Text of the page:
necrosis and apoptosis

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(Foundation Block, pathology). Lecturer name: Dr. Maha Arafah Lecture Date: 17-9-2012. Necrosis and apoptosis. Cell injury L2. Objectives. List causes of cell injury List mechanisms of cell injury Understand the changes in reversible and irreversible cell injury - PowerPoint PPT Presentation


Necrosis and apoptosis

Necrosis and apoptosis Cell injury L2Lecturer name: Dr. Maha ArafahLecture Date: 17-9-2012

(Foundation Block, pathology)

ObjectivesList causes of cell injuryList mechanisms of cell injuryUnderstand the changes in reversible and irreversible cell injury Define necrosis and apoptosisList the different conditions associated with apoptosis, its morphology and its mechanismList the different types of necrosis, examples of each and its featuresKnow the difference between apoptosis and necrosis


Brain massive haemorrhagic focus (ischemia) in the cortex

This is a lesion caused by DEFICIENCY OF OXYGENAbscess of the brain (bacterial)

This is a lesion caused by infectious agent

This is a lesion caused by chemical agentHepatic necrosis (patient poisoned by carbon tetrachloride)Pulmonary caseous necrosis (coccidioidomycosis)

This is a lesion caused by infectious agentGangrenous necrosis of fingers secondary to freezing

This is a lesion caused by physical agent

The boutonnire (buttonhole) deformityThis is a lesion caused by intrinsic factors(autoimmune disease)Liver: macronudular cirrhosis (HBV)

This is a lesion caused by infectious agent:Viral hepatitis(chemical:alcohol, genetic:a1-AT deficiency)morphology of cells in reversible and irreversible injury

myocadial cells: loss of function after 1-2 min of ischemiaHowever do not die until 20 to 30 min of ischemia EM: 2-3 hours, LM 6-12 hours12

13Morphologic changes in Reversible InjuryEarly changes:(1) Cloudy swelling or hydropic changes: Cytoplasmic swelling and vacuolar degeneration due to intracellular accumulation of water and electrolytes secondary to failure of energy-dependent sodium pump.

(2) Mitochondrial and endoplasmic reticulum swelling due to loss of osmotic regulation.(3) Clumping of nuclear chromatin.

Vacuolar (hydropic) change in cells lining the proximal tubules of the kidney Reversible changesMorphologic changes in irreversible injury: 1. Severe vacuolization of the mitochondria, with accumulation of calcium-rich densities.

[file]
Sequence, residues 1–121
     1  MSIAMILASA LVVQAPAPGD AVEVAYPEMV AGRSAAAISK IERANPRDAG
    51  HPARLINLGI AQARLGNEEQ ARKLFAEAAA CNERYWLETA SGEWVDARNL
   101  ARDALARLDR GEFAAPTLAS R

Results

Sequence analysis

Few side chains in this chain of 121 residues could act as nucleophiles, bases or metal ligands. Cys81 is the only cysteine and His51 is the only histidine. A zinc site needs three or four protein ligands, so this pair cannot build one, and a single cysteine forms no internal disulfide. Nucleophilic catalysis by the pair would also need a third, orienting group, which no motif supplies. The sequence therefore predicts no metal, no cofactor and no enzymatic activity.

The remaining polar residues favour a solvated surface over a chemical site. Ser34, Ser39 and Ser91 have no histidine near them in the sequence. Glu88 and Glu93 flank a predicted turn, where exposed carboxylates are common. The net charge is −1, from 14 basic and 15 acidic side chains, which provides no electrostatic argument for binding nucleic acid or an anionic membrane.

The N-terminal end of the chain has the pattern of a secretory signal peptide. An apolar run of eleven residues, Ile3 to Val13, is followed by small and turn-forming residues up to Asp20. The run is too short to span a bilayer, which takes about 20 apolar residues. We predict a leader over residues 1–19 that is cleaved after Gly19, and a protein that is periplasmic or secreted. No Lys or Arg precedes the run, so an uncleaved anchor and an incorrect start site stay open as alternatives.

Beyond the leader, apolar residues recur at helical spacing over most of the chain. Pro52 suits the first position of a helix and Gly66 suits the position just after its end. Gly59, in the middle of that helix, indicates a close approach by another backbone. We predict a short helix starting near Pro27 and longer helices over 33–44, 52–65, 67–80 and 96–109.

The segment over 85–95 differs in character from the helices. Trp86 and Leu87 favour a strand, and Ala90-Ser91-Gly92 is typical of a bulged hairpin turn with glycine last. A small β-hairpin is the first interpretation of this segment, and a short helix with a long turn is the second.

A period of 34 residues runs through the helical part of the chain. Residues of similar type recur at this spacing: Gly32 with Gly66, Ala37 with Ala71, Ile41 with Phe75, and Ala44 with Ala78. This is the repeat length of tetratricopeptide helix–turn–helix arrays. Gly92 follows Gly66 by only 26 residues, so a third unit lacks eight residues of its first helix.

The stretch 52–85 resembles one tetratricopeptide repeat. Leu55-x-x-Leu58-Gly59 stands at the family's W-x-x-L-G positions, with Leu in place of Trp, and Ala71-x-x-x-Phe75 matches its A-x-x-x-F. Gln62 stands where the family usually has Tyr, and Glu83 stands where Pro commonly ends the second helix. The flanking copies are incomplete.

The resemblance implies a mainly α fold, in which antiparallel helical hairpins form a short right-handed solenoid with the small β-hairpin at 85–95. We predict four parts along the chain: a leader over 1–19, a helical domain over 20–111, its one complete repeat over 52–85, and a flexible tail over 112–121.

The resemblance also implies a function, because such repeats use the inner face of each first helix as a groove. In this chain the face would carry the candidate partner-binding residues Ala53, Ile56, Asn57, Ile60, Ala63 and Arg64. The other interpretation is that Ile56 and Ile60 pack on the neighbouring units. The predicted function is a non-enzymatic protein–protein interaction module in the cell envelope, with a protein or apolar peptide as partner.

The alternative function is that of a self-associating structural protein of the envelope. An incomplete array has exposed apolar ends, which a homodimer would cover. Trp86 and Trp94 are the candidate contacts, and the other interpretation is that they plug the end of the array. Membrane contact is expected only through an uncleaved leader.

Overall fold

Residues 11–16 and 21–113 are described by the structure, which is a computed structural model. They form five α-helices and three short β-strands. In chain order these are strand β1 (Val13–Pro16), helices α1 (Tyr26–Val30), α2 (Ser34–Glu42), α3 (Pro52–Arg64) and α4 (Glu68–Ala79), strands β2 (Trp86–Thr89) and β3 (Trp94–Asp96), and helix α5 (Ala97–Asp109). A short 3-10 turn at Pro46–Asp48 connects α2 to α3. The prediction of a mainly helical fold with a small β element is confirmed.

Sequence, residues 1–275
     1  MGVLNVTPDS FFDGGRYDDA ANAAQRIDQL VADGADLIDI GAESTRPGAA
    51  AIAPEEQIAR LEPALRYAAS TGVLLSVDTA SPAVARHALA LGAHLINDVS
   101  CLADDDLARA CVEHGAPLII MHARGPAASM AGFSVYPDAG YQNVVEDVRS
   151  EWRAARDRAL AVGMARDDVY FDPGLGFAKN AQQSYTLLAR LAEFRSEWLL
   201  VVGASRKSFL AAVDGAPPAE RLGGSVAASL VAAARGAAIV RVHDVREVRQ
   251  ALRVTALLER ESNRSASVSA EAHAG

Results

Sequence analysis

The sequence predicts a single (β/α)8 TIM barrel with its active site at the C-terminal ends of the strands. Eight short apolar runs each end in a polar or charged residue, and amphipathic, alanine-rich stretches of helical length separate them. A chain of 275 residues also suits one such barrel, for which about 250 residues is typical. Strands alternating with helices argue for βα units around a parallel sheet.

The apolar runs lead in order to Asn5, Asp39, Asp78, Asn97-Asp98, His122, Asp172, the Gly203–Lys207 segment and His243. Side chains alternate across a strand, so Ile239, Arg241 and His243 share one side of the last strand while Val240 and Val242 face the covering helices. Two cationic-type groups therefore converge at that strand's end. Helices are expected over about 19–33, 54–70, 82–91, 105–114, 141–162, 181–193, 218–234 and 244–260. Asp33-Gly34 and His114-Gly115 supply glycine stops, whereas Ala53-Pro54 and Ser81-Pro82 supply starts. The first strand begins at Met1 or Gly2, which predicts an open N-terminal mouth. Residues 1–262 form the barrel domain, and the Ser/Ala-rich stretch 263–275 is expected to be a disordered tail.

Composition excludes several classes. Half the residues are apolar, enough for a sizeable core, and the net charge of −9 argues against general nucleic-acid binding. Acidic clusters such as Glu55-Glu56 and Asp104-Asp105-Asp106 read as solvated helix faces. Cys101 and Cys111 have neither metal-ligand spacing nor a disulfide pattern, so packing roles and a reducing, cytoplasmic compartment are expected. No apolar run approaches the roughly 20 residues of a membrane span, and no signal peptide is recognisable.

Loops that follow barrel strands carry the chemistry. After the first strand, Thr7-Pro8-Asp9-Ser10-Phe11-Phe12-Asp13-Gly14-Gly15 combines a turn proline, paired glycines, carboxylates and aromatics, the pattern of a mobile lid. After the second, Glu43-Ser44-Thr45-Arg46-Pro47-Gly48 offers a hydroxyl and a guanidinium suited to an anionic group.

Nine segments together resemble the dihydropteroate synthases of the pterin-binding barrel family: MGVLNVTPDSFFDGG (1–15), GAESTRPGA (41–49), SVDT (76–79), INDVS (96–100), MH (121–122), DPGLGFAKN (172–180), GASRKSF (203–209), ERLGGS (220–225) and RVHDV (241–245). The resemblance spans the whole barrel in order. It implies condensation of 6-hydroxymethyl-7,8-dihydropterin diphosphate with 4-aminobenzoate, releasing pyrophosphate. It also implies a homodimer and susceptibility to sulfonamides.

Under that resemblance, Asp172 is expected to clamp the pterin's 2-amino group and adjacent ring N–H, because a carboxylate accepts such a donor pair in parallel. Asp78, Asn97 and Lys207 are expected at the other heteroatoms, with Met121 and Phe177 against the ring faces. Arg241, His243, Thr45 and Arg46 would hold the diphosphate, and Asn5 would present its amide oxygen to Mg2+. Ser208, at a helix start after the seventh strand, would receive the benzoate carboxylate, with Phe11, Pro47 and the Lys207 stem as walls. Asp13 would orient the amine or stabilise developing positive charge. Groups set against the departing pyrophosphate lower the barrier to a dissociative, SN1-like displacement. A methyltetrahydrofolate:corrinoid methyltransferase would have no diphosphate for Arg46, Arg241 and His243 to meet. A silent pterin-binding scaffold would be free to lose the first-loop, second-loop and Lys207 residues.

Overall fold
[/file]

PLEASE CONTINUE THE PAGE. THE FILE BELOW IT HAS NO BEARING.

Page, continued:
2. Extensive damage to plasma membranes.

3. Massive calcium influx activate phospholipase, proteases, ATPase and endonucleases with break down of cell component.

4. Leak of proteins, ribonucleic acid and metabolite.

5. Breakdown of lysosomes with autolysis.

6. Nuclear changes: Pyknosis, karyolysis, karyorrhexis.


21Morphologic changes in irreversible injury- Dead cell are either collapsed and form a whorled phospholipid masses or degraded into fatty acid with calcification.- Cellular enzymes are released into circula- tion. This provides important clinical parameter of cell deathe.g. increased level of creatinin kinase in blood after myocardial infarctionMyocardial infarct

This is a lesion caused by oxygen deprivationCell PathologyMechanisms of cell injuryDepletion of ATPDamage to MitochondriaInflux of CalciumFree radicals productionDisruption of cell membrane and chromatin

Mechanisms of cell injury

Cell Death

Death of cells occurs in two ways:

Necrosis--changes produced by enzymatic digestion ofcells after irreversible injuryApoptosis--vital process that helps eliminate unwanted cells--an internally programmed series of events effected by dedicated gene products

AutolysisAutolysis is the death of individual cells and tissues after the death of the whole organism. The cells are degraded by the post-mortem release of digestive enzymes from the cytoplasmic lysosomes.Autophagy:Self eating in starvation

NecrosisNecrosis is defined as the morphological changes that result from cell death within living tissues. In necrosis, death of a large number of cells in one area occurs.These changes occur because of digestion and denaturation of cellular proteins.Patterns of Necrosis: In Tissues or Organs

As a result of cell death the tissues or organs display one of these six macroscopic changes:

Coagulative necrosisLiquifactive necrosisCaseous necrosisFat necrosisGangrenous necrosisFibrinoid necrosis

Patterns of Necrosis In Tissues or OrgansCoagulative necrosis:Denaturation of intracellular protein leads to the pale firm nature of the tissues affected. The cells show the microscopic features of cell death but the general architecture of the tissue and cell ghosts remain discernible for a short time.

The outline of the dead cells are maintained and the tissue is somewhat firm. Example: kidney and heart injury caused by ischaemia.